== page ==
Science & Technology Reviews | March 1, 2013

Library Journal Reviews starred reviewRoach, Mary. Gulp: Adventures on the Alimentary Canal. Norton. Apr. 2013. 336p. bibliog. ISBN 9780393081572. $26.95; ebk. ISBN 9780393240306. SCI

Best-selling popular science writer Roach (Packing for Mars: The Curious Science of Life in the Void) turns her attention here to the alimentary canal. Roach asks the questions that some readers may have always wondered: Does saliva have curative properties? Do pets taste food differently than their owners do? Could Jonah have survived three days in a whale’s stomach? Could Americans lower the national debt by chewing their food more thoroughly? As she investigates these questions, Roach encounters many an eccentric scientist who has worked tirelessly to unlock the mysteries of saliva, gastrointestinal gases, and mastication. As she recounts her adventures in tasting centers and laboratories, she aims not to disgust readers, but to inspire curiosity—even awe—for the most intimate functions of the human body. VERDICT Filled with witty asides, humorous anecdotes, and bizarre facts, this book will entertain readers, challenge their cultural taboos, and simultaneously teach them new lessons in digestive biology.—Talea Anderson, Ellensburg, WA

Library Journal Reviews starred reviewSmoak, Shelby. Bleeder. Michigan State Univ. 2013. 214p. ISBN 9781611860696. pap. $22.95; ebk. ISBN 9781609173555. HEALTH

When he turned 18 in his senior year of high school, Smoak’s parents and doctors told him he had tested HIV-positive several years earlier, the result of a blood transfusion administered to treat his hemophilia. This remarkable first book from Smoak, an English teacher and writer, begins during his final year of high school in rural North Carolina. The narrative follows his student days at the University of North Carolina, Wilmington, and several years beyond. Unlike most HIV-inspired memoirs, this one is also a coming-of-age story, one that describes a transition that was sometimes excruciatingly difficult owing to Smoak’s HIV and hemophilia. Without self-pity, the author recounts the trials of dating girls and working odd jobs in college, while simultaneously enduring the fear of disclosing his HIV to his friends. By the end of the book readers will cheer for Smoak, feeling an affinity sparked by his perseverance and humble humanity. VERDICT Many will read this engaging book in one sitting. Though HIV has inspired many memoirs, this is one of the best.—Jeffrey Beall, Univ. of Colorado Denver Lib.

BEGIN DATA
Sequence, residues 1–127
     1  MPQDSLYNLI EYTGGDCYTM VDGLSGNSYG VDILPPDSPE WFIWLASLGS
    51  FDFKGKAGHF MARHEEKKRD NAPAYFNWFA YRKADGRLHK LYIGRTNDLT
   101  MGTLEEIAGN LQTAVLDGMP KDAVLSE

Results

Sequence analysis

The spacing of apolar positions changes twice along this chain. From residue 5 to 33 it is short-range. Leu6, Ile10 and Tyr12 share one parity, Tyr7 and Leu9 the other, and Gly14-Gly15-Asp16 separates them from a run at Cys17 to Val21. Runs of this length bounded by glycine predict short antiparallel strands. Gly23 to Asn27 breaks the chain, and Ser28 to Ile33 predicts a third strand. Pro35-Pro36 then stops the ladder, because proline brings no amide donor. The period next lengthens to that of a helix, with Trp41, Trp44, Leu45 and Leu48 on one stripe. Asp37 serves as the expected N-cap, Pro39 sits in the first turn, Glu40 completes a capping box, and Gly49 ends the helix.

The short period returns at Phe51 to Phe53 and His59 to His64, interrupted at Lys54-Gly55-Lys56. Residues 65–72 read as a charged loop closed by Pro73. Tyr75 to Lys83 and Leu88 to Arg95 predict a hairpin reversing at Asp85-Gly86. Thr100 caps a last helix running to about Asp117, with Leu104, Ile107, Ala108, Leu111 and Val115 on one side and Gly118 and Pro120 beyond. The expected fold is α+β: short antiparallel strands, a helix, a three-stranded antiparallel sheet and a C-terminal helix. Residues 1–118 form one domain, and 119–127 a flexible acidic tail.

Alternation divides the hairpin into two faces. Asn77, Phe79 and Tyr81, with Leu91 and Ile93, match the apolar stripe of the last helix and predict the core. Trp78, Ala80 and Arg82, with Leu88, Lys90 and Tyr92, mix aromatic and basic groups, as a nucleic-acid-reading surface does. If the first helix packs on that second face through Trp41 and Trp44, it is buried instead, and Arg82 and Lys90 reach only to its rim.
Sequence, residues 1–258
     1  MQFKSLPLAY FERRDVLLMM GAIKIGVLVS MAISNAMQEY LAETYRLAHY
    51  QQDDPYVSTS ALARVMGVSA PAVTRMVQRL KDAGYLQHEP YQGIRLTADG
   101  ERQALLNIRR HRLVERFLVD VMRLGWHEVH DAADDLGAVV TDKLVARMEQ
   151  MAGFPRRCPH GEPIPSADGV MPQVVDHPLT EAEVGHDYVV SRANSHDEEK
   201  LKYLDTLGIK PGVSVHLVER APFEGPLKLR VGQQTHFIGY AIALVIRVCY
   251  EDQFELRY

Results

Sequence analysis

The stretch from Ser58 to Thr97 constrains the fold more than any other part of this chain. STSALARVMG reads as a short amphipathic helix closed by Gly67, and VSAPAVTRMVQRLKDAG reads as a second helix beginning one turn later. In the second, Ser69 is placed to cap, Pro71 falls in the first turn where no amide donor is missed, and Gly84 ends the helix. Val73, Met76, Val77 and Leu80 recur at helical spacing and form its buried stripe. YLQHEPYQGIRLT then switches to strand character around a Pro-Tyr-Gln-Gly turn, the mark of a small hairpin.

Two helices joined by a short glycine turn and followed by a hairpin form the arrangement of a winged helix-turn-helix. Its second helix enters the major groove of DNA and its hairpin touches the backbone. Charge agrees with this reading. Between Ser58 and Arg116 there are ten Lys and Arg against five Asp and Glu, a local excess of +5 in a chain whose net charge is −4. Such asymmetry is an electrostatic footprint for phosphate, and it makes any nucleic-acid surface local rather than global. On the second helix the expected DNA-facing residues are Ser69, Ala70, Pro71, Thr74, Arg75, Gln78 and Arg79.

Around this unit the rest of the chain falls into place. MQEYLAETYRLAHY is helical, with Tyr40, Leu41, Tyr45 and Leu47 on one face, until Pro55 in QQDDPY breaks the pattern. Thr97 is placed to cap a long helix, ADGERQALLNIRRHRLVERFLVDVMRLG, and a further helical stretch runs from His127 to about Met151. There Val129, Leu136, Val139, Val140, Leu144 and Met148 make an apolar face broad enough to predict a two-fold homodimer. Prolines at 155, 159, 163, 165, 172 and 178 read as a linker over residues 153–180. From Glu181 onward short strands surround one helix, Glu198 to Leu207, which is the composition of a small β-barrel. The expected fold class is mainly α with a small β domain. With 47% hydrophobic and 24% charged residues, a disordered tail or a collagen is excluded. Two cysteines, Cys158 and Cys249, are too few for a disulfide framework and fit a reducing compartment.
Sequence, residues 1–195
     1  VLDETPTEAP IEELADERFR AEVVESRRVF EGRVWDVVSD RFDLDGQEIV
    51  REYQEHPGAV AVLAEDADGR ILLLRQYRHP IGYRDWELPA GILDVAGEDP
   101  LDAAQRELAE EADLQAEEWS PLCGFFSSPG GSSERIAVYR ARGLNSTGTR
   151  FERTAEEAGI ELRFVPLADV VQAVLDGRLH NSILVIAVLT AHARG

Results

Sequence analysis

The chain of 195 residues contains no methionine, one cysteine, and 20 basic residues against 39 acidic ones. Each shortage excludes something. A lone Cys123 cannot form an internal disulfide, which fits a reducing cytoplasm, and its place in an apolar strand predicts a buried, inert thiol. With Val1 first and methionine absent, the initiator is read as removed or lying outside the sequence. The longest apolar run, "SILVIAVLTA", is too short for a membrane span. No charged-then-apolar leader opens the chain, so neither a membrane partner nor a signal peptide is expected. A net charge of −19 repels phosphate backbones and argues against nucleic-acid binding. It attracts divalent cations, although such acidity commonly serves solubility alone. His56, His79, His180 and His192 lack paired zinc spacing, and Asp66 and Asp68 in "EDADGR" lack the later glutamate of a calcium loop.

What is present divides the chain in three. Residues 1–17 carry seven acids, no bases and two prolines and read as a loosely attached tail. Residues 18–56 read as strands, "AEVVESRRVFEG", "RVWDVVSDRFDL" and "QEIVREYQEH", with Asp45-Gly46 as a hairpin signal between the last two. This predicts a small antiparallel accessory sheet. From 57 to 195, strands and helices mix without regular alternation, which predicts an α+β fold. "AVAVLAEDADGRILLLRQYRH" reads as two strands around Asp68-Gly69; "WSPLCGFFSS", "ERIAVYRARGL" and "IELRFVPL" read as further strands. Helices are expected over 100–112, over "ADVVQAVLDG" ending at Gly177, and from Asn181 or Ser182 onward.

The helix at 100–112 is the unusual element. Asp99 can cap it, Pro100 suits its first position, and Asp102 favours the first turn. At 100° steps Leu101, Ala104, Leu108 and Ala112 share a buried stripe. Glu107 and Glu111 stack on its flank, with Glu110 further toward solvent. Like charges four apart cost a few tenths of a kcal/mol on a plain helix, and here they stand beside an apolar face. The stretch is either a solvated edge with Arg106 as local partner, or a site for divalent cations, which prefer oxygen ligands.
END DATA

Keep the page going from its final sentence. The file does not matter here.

Library Journal Reviews starred reviewGuzman, Andrew T. Overheated: The Human Cost of Climate Change. Oxford Univ. 2013. 272p. illus. index. ISBN 9780199933877. $29.95. SCI